In sum, our analysis suggests that we debate the possibility of active euthanasia as a legally permitted option for PermVS patients. Of course, on the basis of considerations such as best interest and autonomy, active euthanasia might be declined in favour of other forms of treatment. For example, it might be decided that a patient ought to be maintained in their current vegetative state, or allowed to die by withdrawing CANH, on the strength of their previous religious convictions and other strongly held values and beliefs.31 Nonetheless, we are sympathetic to a ‘shift of burden’ advocated by some bioethicists: i.e., changing from the current default position often adopted of assuming that life-sustaining interventions will be continued, whilst allowing applications for withdrawal, to assuming life-sustaining interventions will be discontinued after a clearly specified period, whilst allowing applications for their continuation (Angell 1994; Constable 2012).
Empirical data support the view presented in Holland (2010) that the ontological state of permanently vegetative patients is unclear: they are neither straightforwardly alive nor straightforwardly dead. Some relatives and experts take the view that the least worst option in this situation would be to shift patients from their currently unclear ontological state to that of being clearly dead. But many are concerned, or even horrified, by the prospect of the only legally sanctioned method guaranteed to achieve this, namely withdrawal of clinically assisted nutrition and hydration. Our analysis supports the case for debating a policy of allowing active euthanasia for PermVS patients (subject to all the sort of safeguards that are now or will be in the future put in place for allowing their deaths from treatment withdrawal). Views expressed in interviews provide a reason in favour of this legal and social policy change, which would be more acceptable to some families, less distressing for them, and more likely to allow them to go along with a ‘best interests’ decision which respects a patients’ prior expressed wishes. Additionally, objections to allowing active euthanasia—for example, based on putative slippery slopes or the killing/letting die distinction—are compromised by the distinctive ontological status of PermVS patients.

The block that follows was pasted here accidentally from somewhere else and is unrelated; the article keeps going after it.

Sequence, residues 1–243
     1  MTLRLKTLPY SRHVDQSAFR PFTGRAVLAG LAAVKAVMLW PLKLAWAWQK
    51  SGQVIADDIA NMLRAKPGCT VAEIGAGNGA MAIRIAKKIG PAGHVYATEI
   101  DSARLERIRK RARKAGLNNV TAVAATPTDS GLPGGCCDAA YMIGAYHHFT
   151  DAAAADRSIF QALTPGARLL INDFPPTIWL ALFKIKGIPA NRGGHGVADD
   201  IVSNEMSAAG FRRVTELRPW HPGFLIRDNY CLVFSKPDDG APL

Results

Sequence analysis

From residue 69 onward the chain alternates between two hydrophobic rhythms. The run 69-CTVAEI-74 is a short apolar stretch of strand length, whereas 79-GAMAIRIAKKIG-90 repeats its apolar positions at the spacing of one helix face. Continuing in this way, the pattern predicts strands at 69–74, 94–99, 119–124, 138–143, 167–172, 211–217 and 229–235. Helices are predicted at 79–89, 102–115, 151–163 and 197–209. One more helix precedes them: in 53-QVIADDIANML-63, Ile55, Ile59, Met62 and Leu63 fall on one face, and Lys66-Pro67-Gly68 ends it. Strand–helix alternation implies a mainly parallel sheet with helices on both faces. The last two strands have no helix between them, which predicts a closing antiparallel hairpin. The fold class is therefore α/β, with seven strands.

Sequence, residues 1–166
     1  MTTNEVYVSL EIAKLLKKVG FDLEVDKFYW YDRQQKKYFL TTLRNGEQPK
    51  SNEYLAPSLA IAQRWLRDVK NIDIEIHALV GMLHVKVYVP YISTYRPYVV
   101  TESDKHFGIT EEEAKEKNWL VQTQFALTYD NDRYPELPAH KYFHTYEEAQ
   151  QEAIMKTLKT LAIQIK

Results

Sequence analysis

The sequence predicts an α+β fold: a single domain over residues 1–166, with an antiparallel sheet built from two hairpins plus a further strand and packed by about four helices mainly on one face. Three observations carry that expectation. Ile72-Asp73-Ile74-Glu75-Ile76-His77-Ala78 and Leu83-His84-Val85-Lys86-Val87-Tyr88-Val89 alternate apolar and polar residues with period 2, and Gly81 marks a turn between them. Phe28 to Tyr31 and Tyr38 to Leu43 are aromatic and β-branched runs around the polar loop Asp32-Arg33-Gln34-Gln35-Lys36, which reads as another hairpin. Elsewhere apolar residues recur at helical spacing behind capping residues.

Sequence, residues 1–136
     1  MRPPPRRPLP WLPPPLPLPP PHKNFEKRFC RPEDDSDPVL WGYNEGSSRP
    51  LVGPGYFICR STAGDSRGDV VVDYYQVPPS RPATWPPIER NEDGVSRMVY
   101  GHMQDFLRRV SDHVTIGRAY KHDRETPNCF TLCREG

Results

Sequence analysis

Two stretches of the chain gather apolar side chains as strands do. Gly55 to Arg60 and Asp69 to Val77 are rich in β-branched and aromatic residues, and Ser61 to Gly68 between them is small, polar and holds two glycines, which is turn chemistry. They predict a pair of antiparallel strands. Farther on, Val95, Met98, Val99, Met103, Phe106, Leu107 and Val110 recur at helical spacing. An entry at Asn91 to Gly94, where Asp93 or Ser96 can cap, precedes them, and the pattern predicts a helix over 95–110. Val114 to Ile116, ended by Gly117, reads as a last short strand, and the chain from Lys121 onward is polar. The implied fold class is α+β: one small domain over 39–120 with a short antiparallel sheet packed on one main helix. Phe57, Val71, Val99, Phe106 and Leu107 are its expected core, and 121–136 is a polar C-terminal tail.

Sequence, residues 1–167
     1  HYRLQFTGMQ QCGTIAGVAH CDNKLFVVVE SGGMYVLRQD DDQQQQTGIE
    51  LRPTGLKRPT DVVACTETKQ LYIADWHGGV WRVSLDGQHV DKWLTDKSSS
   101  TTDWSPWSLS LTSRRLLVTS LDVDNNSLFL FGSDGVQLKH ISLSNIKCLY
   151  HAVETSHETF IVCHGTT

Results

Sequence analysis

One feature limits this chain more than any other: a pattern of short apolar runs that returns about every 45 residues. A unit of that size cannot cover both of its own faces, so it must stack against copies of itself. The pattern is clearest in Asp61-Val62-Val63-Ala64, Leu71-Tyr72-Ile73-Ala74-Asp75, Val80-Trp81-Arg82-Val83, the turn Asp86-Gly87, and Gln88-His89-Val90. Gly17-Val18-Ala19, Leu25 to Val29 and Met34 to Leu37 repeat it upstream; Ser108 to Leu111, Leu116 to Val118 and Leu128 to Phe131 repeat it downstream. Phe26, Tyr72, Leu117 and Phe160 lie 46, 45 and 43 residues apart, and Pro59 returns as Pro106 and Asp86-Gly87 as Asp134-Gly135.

Clinicians sometimes use ‘consciousness’ to refer to both wakefulness and awareness; patients in VS exhibit wakefulness, including eye closure and opening which give the appearance of a sleep-wake cycle, but lack awareness of themselves or their environment. In accordance with philosophical usage, however, in this article we restrict ‘consciousness’ to meaning conscious awareness.
Conditions related to—and sometimes confused with—MCS which are not the focus of this article include locked-in syndrome and long-term profound cognitive and physical disabilities.
Lengths of time are disparate because the likelihood of recovery from anoxic injury is lower than that of recovery from brain trauma; see Royal College of Physicians (2003, 14). Incidentally, another RCP Working Party report has gone to press as we write—the third author of the present article is a member of the committee—with the new guidelines being published in December 2013 (Royal College of Physicians 2013). In the USA, the Multi-Society Task Force on Persistent Vegetative State concluded that a patient’s condition is ‘permanent three months after non-traumatic and 12 months after traumatic injury’, where ‘permanent’ means that recovery is ‘exceedingly rare’ (Multi-Society Task Force 1994).
By contrast, ‘whole brain death’ (WBD) occurs when all parts of the brain – those responsible for consciousness and those responsible for physiological functions—are irreversibly damaged such that physiological activity, including breathing and circulation, requires mechanical support. The controversy over the fact that whole brain dead patients are declared legally dead in the UK and the USA is well documented (Miller and Truog 2010) and have recently received extensive media publicity with public debate about two US cases, Jahi McMath and Marlise Muñoz (e.g., http://www.nytimes.com/2014/01/10/health/the-science-behind-brain-death.html?hp&_r=3). See also the neurologist quoted in footnote 19.